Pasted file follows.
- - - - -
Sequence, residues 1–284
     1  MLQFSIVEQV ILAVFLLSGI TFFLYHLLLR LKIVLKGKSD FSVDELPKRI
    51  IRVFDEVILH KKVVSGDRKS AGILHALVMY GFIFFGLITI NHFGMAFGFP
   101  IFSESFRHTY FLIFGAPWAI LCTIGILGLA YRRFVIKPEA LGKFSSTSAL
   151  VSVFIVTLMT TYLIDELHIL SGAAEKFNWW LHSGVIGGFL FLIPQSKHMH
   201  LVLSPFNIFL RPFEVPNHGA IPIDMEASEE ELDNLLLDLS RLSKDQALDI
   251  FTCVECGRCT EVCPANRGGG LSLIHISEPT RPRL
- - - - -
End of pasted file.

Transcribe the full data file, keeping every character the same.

Sequence, residues 1–284
     1  MLQFSIVEQV ILAVFLLSGI TFFLYHLLLR LKIVLKGKSD FSVDELPKRI
    51  IRVFDEVILH KKVVSGDRKS AGILHALVMY GFIFFGLITI NHFGMAFGFP
   101  IFSESFRHTY FLIFGAPWAI LCTIGILGLA YRRFVIKPEA LGKFSSTSAL
   151  VSVFIVTLMT TYLIDELHIL SGAAEKFNWW LHSGVIGGFL FLIPQSKHMH
   201  LVLSPFNIFL RPFEVPNHGA IPIDMEASEE ELDNLLLDLS RLSKDQALDI
   251  FTCVECGRCT EVCPANRGGG LSLIHISEPT RPRL